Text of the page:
Art of the Americas to World War I
- Independence from Spanish rule in South America
- Early Scientific Exploration in Latin America
- Latin American artistic pilgrimages to Paris
- Carmelo Fernández, The Strait of Furatena in the Minero River
- Marc Ferrez, Slaves at a Coffee Yard in a Farm, Vale do Paraiba, Sao Paulo
by Dr. Juanita Solano Roa
Did you know that Brazil was the last country to abolish slavery in the Americas?  In 1882, when photographer Marc Ferrez took his photograph Slaves at a Coffee Yard in a Farm, Vale do Paraiba, Sao Paulo, Brazil was divided between those advocating for the abolition of slavery and those who sought to maintain this inhumane and brutal system of production. Ferrez’s photograph shows enslaved laborers in the Paraíba Valley coffee industry, yet his photograph does not denounce slavery. Rather, it conceals slavery’s violence through visual strategies that help maintain racist social hierarchies.
A panoramic view of enslaved labor
Slaves at a Coffee Yard in a Farm, Vale do Paraiba, Sao Paulo is part of a larger series of photographs that Ferrez took between 1882 and 1885. The 65 images that form the series were commissioned by the (Centro da Lavoura e do Comércio, or CLC) in 1881. The photographs privilege panoramic views that convey a sense of harmony and order. The photographer looks from afar and does not face the sitters directly. This distances the subjects of the picture from the viewer, conveying a sense of control over those who are depicted in the photograph.
In this photograph, a sense of order is implied by the geometries of the composition. Angular slopes of hills echo the diagonal lines of workers in the foreground. Enslaved men and women form a grid while they carry baskets or raking coffee beans in the coffee-drying yard.
In the lower left corner, Ferrez captured the overseer (in a black jacket), who directs the workers. They obey his orders. The entire composition appears perfectly constructed, with basket-carrying enslaved women facing the camera.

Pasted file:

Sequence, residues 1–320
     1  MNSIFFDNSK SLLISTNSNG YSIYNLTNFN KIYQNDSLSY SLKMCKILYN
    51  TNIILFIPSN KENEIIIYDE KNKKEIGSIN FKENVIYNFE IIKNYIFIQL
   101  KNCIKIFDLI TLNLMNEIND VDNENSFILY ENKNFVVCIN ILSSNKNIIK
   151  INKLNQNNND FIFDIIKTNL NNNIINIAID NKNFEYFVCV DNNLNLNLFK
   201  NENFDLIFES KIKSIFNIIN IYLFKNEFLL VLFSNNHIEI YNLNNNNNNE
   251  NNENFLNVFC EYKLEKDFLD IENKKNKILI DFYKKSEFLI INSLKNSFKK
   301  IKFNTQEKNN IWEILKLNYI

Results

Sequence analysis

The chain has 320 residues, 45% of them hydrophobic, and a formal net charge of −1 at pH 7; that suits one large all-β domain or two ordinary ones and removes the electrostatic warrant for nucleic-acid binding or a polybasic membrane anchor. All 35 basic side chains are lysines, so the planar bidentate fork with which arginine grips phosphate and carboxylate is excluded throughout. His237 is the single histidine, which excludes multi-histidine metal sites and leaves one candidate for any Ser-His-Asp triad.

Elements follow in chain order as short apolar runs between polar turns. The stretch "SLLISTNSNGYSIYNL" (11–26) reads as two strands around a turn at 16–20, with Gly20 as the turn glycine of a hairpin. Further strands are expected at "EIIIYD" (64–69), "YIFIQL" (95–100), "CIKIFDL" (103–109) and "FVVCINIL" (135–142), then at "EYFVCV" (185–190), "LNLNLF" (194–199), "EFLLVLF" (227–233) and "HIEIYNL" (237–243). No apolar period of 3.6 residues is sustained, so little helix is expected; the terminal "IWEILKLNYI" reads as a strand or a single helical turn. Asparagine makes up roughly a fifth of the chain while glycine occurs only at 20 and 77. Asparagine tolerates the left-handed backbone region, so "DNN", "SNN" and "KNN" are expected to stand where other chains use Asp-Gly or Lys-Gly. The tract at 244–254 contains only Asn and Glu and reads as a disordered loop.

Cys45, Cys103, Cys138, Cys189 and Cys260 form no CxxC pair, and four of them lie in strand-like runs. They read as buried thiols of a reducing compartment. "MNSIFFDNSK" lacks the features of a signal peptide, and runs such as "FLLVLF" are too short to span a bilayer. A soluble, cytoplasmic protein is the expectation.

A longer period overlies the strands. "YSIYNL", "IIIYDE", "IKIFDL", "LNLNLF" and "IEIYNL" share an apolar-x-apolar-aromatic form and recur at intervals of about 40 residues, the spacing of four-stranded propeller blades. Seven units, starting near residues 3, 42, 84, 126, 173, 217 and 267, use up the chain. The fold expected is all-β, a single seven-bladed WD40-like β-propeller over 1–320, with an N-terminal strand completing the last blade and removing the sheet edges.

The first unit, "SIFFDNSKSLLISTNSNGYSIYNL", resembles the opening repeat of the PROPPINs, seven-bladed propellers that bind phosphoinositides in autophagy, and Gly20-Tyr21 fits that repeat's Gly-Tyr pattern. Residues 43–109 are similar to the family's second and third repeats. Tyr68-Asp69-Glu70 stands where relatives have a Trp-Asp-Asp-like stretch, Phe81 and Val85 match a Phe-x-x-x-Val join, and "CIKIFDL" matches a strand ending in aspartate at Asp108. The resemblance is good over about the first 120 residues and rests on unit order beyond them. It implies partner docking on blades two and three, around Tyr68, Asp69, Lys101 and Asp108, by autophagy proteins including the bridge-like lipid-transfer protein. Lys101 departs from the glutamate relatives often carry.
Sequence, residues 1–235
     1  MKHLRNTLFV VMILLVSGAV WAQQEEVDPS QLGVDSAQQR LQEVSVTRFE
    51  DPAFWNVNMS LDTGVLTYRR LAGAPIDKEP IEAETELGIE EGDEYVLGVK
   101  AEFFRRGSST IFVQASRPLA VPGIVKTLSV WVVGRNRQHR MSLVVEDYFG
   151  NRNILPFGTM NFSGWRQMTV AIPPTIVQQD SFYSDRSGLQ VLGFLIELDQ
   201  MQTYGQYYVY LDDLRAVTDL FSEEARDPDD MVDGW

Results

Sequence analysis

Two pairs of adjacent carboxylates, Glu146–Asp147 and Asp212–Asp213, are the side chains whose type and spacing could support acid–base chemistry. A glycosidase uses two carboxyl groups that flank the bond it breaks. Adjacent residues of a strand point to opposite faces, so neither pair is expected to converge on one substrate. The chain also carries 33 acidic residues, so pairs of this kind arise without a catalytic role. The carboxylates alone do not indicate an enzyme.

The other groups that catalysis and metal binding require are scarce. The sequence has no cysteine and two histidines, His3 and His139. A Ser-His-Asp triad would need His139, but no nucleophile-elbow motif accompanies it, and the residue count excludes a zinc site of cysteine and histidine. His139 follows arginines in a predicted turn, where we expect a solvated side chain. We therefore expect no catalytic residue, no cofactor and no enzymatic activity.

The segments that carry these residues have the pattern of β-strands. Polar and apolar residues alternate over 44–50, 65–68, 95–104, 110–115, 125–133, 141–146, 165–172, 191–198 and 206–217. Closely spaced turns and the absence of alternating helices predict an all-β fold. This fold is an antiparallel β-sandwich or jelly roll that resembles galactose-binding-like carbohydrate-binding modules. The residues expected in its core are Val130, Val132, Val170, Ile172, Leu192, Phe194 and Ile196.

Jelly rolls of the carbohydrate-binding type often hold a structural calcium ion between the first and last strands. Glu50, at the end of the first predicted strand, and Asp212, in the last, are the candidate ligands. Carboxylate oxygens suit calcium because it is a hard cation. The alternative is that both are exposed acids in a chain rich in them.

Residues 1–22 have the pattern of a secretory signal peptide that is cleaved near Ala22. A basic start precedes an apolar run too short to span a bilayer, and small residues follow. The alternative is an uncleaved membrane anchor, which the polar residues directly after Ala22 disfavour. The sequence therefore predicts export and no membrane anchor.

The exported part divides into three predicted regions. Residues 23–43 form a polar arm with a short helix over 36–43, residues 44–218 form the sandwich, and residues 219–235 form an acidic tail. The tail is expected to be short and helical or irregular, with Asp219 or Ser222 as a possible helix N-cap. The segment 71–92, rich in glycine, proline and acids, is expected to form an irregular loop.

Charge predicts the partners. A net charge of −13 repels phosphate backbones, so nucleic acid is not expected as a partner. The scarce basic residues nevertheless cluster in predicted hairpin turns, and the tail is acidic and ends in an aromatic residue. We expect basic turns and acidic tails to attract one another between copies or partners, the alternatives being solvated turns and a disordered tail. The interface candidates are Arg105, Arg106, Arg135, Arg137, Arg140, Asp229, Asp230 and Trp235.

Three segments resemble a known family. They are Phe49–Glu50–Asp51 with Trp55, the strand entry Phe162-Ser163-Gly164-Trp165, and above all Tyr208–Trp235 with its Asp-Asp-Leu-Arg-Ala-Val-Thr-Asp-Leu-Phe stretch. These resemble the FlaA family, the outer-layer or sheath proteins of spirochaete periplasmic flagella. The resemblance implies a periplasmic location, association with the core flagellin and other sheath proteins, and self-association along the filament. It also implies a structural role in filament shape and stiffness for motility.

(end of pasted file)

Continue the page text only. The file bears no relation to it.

Some scholars have even suggested that it is a mise-en-scène (staged image) and point out that the enslaved workers’ crisp, clean white clothing contrasts with the manual labor they are forced to do.  The clothing they wore for Ferrez’s photograph perhaps was not their everyday work clothing, but their In the background, we see small children running as if playing and having fun. This type of scene was intended to give the sense of harmonious family life and helped minimize the perception that the enslaved workers were treated badly, even though their bare feet were still visible and they had to provide care for their families while at work (as seen in the woman holding a small child with her hands in the background).
In the middle-ground, Ferrez captures plantation architecture that fuses harmoniously with the mountain landscape in the background. This is no coincidence. Ferrez was recognized as a dedicated and skilled Brazilian landscape photographer (see examples below). The intentional incorporation of landscape into his photographs (including this one) conveys a sense of harmony between nature and a civilized society. In this sense, photography played a role in maintaining the slave-owners’ power which was not only physically and symbolically conveyed, but also disseminated through visual aids such as this picture. Ferrez represents coffee plantations as a prevailing, orderly, and natural system of production. He furthers the point of view that enslaved labor was critical for Brazil’s economic success. Slaves at a Coffee Yard highlights the tensions and contradictions between the brutal and inhumane slavery system and Brazil’s economic development that was based on slave labor.
Slavery, coffee, and photography
Historians calculate that around 4 million Africans were kidnapped in their native countries and forcibly transported to Brazil beginning in the 16th century.  The magnitude of the slave trade in Brazil had no comparison in the Americas.  Brazil’s state and economy were built upon the labor of millions of enslaved Africans and their descendants. At the time Ferrez took Slaves at a Coffee Yard in a Farm, Vale do Paraiba, Sao Paulo, strong , international pressures, and the accounts of escaped enslaved workers challenged the repressive system of enslavement. And yet, in the 1880s, the Paraíba Valley had the highest concentration of enslaved people in Brazil. 
Simultaneously, the coffee industry expanded and consolidated the . Coffee became one of its main exports. This industry particularly grew in the 1840s, and the Paraíba Valley became one of the most important coffee plantation regions. The development of this industry not only promoted slave labor, but also depended on it.